Daphne Koller:
Like many of you, I'm one of the lucky people. I was born to a family where education was pervasive. I'm a thirdgeneration PhD, a daughter of two academics. In my childhood, I played around in my father's university lab. So it was taken for granted that I attend some of the best universities, which in turn opened the door to a world of opportunity. Unfortunately, most of the people in the world are not so lucky. In some parts of the world, for example, South Africa, education is just not readily accessible. In South Africa, the educational system was constructed in the days of apartheid for the white minority. And as a consequence, today there is just not enough spots for the many more people who want and deserve a high quality education. That scarcity led to a crisis in January of this year at the University of Johannesburg. There were a handful of positions left open from the standard admissions process, and the night before they were supposed to open that for registration, thousands of people lined up outside the gate in a line a mile long, hoping to be first in line to get one of those positions. When the gates opened, there was a stampede, and 20 people were injured and one woman died. She was a mother who gave her life trying to get her son a chance at a better life. But even in parts of the world like the United States where education is available, it might not be within reach. There has been much discussed in the last few years about the rising cost of health care. What might not be quite as obvious to people is that during that same period the cost of higher education tuition has been increasing at almost twice the rate, for a total of 559 percent since 1985. This makes education unaffordable for many people. Finally, even for those who do manage to get the higher education, the doors of opportunity might not open. Only a little over half of recent college graduates in the United States who get a higher education actually are working in jobs that require that education. This, of course, is not true for the students who graduate from the top institutions, but for many others, they do not get the value for their time and their effort. Tom Friedman, in his recent New York Times article, captured, in the way that no one else could, the spirit behind our effort. He said the big breakthroughs are what happen when what is suddenly possible meets what is desperately necessary. I've talked about what's desperately necessary. Let's talk about what's suddenly possible. What's suddenly possible was demonstrated by three big Stanford classes, each of which had an enrollment of 100,000 people or more. So to understand this, let's look at one of those classes, the Machine Learning class offered by my colleague and cofounder Andrew Ng. Andrew teaches one of the bigger Stanford classes. It's a Machine Learning class, and it has 400 people enrolled every time it's offered. When Andrew taught the Machine Learning class to the general public, it had 100,000 people registered.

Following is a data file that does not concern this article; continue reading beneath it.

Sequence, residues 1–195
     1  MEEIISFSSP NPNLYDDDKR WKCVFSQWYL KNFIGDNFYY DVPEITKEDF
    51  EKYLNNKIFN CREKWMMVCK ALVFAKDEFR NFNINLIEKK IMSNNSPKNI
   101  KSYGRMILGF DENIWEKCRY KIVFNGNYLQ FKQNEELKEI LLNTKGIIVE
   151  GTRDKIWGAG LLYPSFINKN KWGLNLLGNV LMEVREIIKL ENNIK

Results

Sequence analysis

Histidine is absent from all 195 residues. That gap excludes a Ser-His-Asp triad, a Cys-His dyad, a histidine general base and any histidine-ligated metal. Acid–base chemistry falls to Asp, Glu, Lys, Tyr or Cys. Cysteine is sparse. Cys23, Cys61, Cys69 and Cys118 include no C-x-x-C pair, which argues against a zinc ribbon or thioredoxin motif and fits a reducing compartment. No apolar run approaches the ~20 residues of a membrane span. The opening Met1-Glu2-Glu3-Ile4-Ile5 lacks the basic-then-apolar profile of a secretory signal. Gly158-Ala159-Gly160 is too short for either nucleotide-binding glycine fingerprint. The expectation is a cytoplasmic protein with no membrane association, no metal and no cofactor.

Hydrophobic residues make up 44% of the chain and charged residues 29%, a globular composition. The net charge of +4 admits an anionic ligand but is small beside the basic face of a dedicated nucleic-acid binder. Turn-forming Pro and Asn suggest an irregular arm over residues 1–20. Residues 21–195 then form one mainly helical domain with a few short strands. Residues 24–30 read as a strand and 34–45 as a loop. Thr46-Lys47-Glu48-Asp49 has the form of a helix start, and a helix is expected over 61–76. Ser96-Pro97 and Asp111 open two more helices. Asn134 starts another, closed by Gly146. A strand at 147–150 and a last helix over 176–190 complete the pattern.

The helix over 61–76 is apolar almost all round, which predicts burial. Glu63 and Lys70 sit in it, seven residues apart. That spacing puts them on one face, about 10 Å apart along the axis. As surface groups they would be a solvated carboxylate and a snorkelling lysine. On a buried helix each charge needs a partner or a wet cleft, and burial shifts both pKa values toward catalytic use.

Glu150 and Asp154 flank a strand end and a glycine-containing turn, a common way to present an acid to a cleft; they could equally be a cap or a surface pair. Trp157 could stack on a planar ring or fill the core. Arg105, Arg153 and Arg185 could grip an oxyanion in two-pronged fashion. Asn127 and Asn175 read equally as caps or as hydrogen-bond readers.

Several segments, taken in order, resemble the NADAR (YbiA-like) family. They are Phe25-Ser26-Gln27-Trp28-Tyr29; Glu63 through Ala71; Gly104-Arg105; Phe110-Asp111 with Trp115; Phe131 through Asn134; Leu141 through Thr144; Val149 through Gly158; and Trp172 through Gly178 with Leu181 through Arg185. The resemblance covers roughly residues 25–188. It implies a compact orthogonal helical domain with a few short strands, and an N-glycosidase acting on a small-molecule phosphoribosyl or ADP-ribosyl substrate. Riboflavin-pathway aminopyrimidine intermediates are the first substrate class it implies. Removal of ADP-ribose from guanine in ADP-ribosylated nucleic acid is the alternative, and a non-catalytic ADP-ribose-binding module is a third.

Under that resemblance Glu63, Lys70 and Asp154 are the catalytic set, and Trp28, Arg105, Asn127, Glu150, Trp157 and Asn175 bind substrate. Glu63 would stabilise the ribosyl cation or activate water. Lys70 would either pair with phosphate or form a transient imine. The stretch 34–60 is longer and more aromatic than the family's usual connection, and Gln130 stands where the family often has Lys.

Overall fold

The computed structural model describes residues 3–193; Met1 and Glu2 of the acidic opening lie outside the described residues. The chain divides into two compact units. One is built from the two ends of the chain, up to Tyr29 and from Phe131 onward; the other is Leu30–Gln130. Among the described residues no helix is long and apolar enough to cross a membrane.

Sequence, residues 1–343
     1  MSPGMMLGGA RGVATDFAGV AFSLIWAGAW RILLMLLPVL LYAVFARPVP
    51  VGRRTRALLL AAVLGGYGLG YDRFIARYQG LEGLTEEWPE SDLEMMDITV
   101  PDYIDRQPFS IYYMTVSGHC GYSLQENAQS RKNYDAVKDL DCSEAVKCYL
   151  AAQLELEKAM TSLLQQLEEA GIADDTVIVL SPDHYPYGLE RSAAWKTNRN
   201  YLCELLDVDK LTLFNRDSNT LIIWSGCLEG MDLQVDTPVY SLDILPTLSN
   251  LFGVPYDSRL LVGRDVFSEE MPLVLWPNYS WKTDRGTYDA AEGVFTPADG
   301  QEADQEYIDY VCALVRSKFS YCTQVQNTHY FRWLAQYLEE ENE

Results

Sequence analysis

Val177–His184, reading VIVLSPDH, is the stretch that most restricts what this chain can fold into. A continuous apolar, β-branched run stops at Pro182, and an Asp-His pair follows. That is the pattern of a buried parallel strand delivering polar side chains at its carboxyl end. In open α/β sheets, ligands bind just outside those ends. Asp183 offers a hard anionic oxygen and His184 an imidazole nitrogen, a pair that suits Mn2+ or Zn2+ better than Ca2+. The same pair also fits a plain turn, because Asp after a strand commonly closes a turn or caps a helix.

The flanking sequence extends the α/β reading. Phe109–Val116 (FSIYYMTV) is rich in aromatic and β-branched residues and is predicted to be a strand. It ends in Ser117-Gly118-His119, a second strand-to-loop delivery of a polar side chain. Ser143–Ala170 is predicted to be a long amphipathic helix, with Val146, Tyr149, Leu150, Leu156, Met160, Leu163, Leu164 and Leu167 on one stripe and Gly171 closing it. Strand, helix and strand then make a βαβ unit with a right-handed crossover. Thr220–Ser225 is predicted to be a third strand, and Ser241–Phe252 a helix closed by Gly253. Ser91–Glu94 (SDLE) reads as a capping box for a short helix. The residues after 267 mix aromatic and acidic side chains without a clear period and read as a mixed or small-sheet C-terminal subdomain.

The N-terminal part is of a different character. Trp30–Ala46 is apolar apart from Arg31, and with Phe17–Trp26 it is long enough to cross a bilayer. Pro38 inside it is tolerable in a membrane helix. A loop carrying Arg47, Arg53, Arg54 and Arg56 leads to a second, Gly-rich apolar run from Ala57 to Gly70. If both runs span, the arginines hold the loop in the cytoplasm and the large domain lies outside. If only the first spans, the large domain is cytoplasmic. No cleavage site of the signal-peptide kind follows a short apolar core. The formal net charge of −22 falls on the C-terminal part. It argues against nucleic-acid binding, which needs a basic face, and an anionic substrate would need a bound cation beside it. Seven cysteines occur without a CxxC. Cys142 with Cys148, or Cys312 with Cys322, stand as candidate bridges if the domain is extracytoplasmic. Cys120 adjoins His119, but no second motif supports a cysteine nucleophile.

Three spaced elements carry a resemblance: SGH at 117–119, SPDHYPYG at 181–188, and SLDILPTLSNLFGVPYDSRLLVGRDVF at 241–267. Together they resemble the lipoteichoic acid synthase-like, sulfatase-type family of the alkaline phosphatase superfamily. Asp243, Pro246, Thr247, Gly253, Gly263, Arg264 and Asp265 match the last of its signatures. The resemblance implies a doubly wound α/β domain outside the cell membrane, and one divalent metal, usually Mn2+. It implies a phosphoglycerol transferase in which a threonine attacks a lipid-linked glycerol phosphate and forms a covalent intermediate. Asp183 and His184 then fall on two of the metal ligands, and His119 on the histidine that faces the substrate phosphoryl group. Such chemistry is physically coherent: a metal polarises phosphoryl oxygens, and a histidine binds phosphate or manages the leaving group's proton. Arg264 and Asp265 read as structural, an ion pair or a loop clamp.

(Video) Robert Ghrist: Welcome to Calculus. Ezekiel Emanuel: Fifty million people are uninsured. Scott Page: Models help us design more effective institutions and policies. We get unbelievable segregation. Scott Klemmer: So Bush imagined that in the future, you'd wear a camera right in the center of your head. Mitchell Duneier: Mills wants the student of sociology to develop the quality of mind ... RG: Hanging cable takes on the form of a hyperbolic cosine. Nick Parlante: For each pixel in the image, set the red to zero. Paul Offit: ... Vaccine allowed us to eliminate polio virus. Dan Jurafsky: Does Lufthansa serve breakfast and San Jose? Well, that sounds funny. Daphne Koller: So this is which coin you pick, and this is the two tosses. Andrew Ng: So in largescale machine learning, we'd like to come up with computational ... (Applause) DK: It turns out, maybe not surprisingly, that students like getting the best content from the best universities for free. Since we opened the website in February, we now have 640,000 students from 190 countries. We have 1.5 million enrollments, 6 million quizzes in the 15 classes that have launched so far have been submitted, and 14 million videos have been viewed. But it's not just about the numbers, it's also about the people. Whether it's Akash, who comes from a small town in India and would never have access in this case to a Stanfordquality course and would never be able to afford it. Or Jenny, who is a single mother of two and wants to hone her skills so that she can go back and complete her master's degree. Or Ryan, who can't go to school, because his immune deficient daughter can't be risked to have germs come into the house, so he couldn't leave the house. I'm really glad to say  recently, we've been in correspondence with Ryan  that this story had a happy ending. Baby Shannon  you can see her on the left  is doing much better now, and Ryan got a job by taking some of our courses. So what made these courses so different? After all, online course content has been available for a while. What made it different was that this was real course experience. It started on a given day, and then the students would watch videos on a weekly basis and do homework assignments. And these would be real homework assignments for a real grade, with a real deadline. You can see the deadlines and the usage graph. These are the spikes showing that procrastination is global phenomenon. (Laughter) At the end of the course, the students got a certificate. They could present that certificate to a prospective employer and get a better job, and we know many students who did. Some students took their certificate and presented this to an educational institution at which they were enrolled for actual college credit. So these students were really getting something meaningful for their investment of time and effort. Let's talk a little bit about some of the components that go into these courses. The first component is that when you move away from the constraints of a physical classroom and design content explicitly for an online format, you can break away from, for example, the monolithic onehour lecture. You can break up the material, for example, into these short, modular units of eight to 12 minutes, each of which represents a coherent concept. Students can traverse this material in different ways, depending on their background, their skills or their interests. So, for example, some students might benefit from a little bit of preparatory material that other students might already have. Other students might be interested in a particular enrichment topic that they want to pursue individually. So this format allows us to break away from the onesizefitsall model of education, and allows students to follow a much more personalized curriculum. Of course, we all know as educators that students don't learn by sitting and passively watching videos. Perhaps one of the biggest components of this effort is that we need to have students who practice with the material in order to really understand it. There's been a range of studies that demonstrate the importance of this. This one that appeared in Science last year, for example, demonstrates that even simple retrieval practice, where students are just supposed to repeat what they already learned gives considerably improved results on various achievement tests down the line than many other educational interventions. We've tried to build in retrieval practice into the platform, as well as other forms of practice in many ways. For example, even our videos are not just videos. Every few minutes, the video pauses and the students get asked a question. (Video) SP: ... These four things. Prospect theory, hyperbolic discounting, status quo bias, base rate bias. They're all well documented. So they're all well documented deviations from rational behavior. DK: So here the video pauses, and the student types in the answer into the box and submits. Obviously they weren't paying attention. (Laughter) So they get to try again, and this time they got it right. There's an optional explanation if they want. And now the video moves on to the next part of the lecture. This is a kind of simple question that I as an instructor might ask in class, but when I ask that kind of a question in class, 80 percent of the students are still scribbling the last thing I said, 15 percent are zoned out on Facebook, and then there's the smarty pants in the front row who blurts out the answer before anyone else has had a chance to think about it, and I as the instructor am terribly gratified that somebody actually knew the answer. And so the lecture moves on before, really, most of the students have even noticed that a question had been asked. Here, every single student has to engage with the material. And of course these simple retrieval questions are not the end of the story. One needs to build in much more meaningful practice questions, and one also needs to provide the students with feedback on those questions. Now, how do you grade the work of 100,000 students if you do not have 10,000 TAs? The answer is, you need to use technology to do it for you. Now, fortunately, technology has come a long way, and we can now grade a range of interesting types of homework. In addition to multiple choice and the kinds of short answer questions that you saw in the video, we can also grade math, mathematical expressions as well as mathematical derivations. We can grade models, whether it's financial models in a business class or physical models in a science or engineering class and we can grade some pretty sophisticated programming assignments. Let me show you one that's actually pretty simple but fairly visual. This is from Stanford's Computer Science 101 class, and the students are supposed to colorcorrect that blurry red image. They're typing their program into the browser, and you can see they didn't get it quite right, Lady Liberty is still seasick. And so, the student tries again, and now they got it right, and they're told that, and they can move on to the next assignment. This ability to interact actively with the material and be told when you're right or wrong is really essential to student learning. Now, of course we cannot yet grade the range of work that one needs for all courses. Specifically, what's lacking is the kind of critical thinking work that is so essential in such disciplines as the humanities, the social sciences, business and others. So we tried to convince, for example, some of our humanities faculty that multiple choice was not such a bad strategy. That didn't go over really well. So we had to come up with a different solution. And the solution we ended up using is peer grading. It turns out that previous studies show, like this one by Saddler and Good, that peer grading is a surprisingly effective strategy for providing reproducible grades. It was tried only in small classes, but there it showed, for example, that these studentassigned grades on the yaxis are actually very well correlated with the teacherassigned grade on the xaxis. What's even more surprising is that selfgrades, where the students grade their own work critically  so long as you incentivize them properly so they can't give themselves a perfect score  are actually even better correlated with the teacher grades. And so this is an effective strategy that can be used for grading at scale, and is also a useful learning strategy for the students, because they actually learn from the experience. So we now have the largest peergrading pipeline ever devised, where tens of thousands of students are grading each other's work, and quite successfully, I have to say. But this is not just about students sitting alone in their living room working through problems. Around each one of our courses, a community of students had formed, a global community of people around a shared intellectual endeavor. What you see here is a selfgenerated map from students in our Princeton Sociology 101 course, where they have put themselves on a world map, and you can really see the global reach of this kind of effort. Students collaborated in these courses in a variety of different ways. First of all, there was a question and answer forum, where students would pose questions, and other students would answer those questions. And the really amazing thing is, because there were so many students, it means that even if a student posed a question at 3 o'clock in the morning, somewhere around the world, there would be somebody who was awake and working on the same problem. And so, in many of our courses, the median response time for a question on the question and answer forum was 22 minutes. Which is not a level of service I have ever offered to my Stanford students. (Laughter) And you can see from the student testimonials that students actually find that because of this large online community, they got to interact with each other in many ways that were deeper than they did in the context of the physical classroom. Students also selfassembled, without any kind of intervention from us, into small study groups. Some of these were physical study groups along geographical constraints and met on a weekly basis to work through problem sets. This is the San Francisco study group, but there were ones all over the world. Others were virtual study groups, sometimes along language lines or along cultural lines, and on the bottom left there, you see our multicultural universal study group where people explicitly wanted to connect with people from other cultures. There are some tremendous opportunities to be had from this kind of framework. The first is that it has the potential of giving us a completely unprecedented look into understanding human learning. Because the data that we can collect here is unique. You can collect every click, every homework submission, every forum post from tens of thousands of students. So you can turn the study of human learning from the hypothesisdriven mode to the datadriven mode, a transformation that, for example, has revolutionized biology. You can use these data to understand fundamental questions like, what are good learning strategies that are effective versus ones that are not? And in the context of particular courses, you can ask questions like, what are some of the misconceptions that are more common and how do we help students fix them? So here's an example of that, also from Andrew's Machine Learning class. This is a distribution of wrong answers to one of Andrew's assignments. The answers happen to be pairs of numbers, so you can draw them on this twodimensional plot. Each of the little crosses that you see is a different wrong answer. The big cross at the top left is where 2,000 students gave the exact same wrong answer. Now, if two students in a class of 100 give the same wrong answer, you would never notice. But when 2,000 students give the same wrong answer, it's kind of hard to miss. So Andrew and his students went in, looked at some of those assignments, understood the root cause of the misconception, and then they produced a targeted error message that would be provided to every student whose answer fell into that bucket, which means that students who made that same mistake would now get personalized feedback telling them how to fix their misconception much more effectively. So this personalization is something that one can then build by having the virtue of large numbers. Personalization is perhaps one of the biggest opportunities here as well, because it provides us with the potential of solving a 30yearold problem. Educational researcher Benjamin Bloom, in 1984, posed what's called the 2 sigma problem, which he observed by studying three populations. The first is the population that studied in a lecturebased classroom. The second is a population of students that studied using a standard lecturebased classroom, but with a masterybased approach, so the students couldn't move on to the next topic before demonstrating mastery of the previous one. And finally, there was a population of students that were taught in a oneonone instruction using a tutor. The masterybased population was a full standard deviation, or sigma, in achievement scores better than the standard lecturebased class, and the individual tutoring gives you 2 sigma improvement in performance. To understand what that means, let's look at the lecturebased classroom, and let's pick the median performance as a threshold. So in a lecturebased class, half the students are above that level and half are below. In the individual tutoring instruction, 98 percent of the students are going to be above that threshold. Imagine if we could teach so that 98 percent of our students would be above average. Hence, the 2 sigma problem. Because we cannot afford, as a society, to provide every student with an individual human tutor. But maybe we can afford to provide each student with a computer or a smartphone. So the question is, how can we use technology to push from the left side of the graph, from the blue curve, to the right side with the green curve? Mastery is easy to achieve using a computer, because a computer doesn't get tired of showing you the same video five times. And it doesn't even get tired of grading the same work multiple times, we've seen that in many of the examples that I've shown you. And even personalization is something that we're starting to see the beginnings of, whether it's via the personalized trajectory through the curriculum or some of the personalized feedback that we've shown you. So the goal here is to try and push, and see how far we can get towards the green curve. So, if this is so great, are universities now obsolete? Well, Mark Twain certainly thought so. He said that, "College is a place where a professor's lecture notes go straight to the students' lecture notes, without passing through the brains of either." (Laughter) I beg to differ with Mark Twain, though. I think what he was complaining about is not universities but rather the lecturebased format that so many universities spend so much time on. So let's go back even further, to Plutarch, who said that, "The mind is not a vessel that needs filling, but wood that needs igniting." And maybe we should spend less time at universities filling our students' minds with content by lecturing at them, and more time igniting their creativity, their imagination and their problemsolving skills by actually talking with them. So how do we do that? We do that by doing active learning in the classroom. So there's been many studies, including this one, that show that if you use active learning, interacting with your students in the classroom, performance improves on every single metric  on attendance, on engagement and on learning as measured by a standardized test. You can see, for example, that the achievement score almost doubles in this particular experiment. So maybe this is how we should spend our time at universities. So to summarize, if we could offer a top quality education to everyone around the world for free, what would that do? Three things. First it would establish education as a fundamental human right, where anyone around the world with the ability and the motivation could get the skills that they need to make a better life for themselves, their families and their communities. Second, it would enable lifelong learning. It's a shame that for so many people, learning stops when we finish high school or when we finish college. By having this amazing content be available, we would be able to learn something new every time we wanted, whether it's just to expand our minds or it's to change our lives. And finally, this would enable a wave of innovation, because amazing talent can be found anywhere. Maybe the next Albert Einstein or the next Steve Jobs is living somewhere in a remote village in Africa. And if we could offer that person an education, they would be able to come up with the next big idea and make the world a better place for all of us. Thank you very much. (Applause)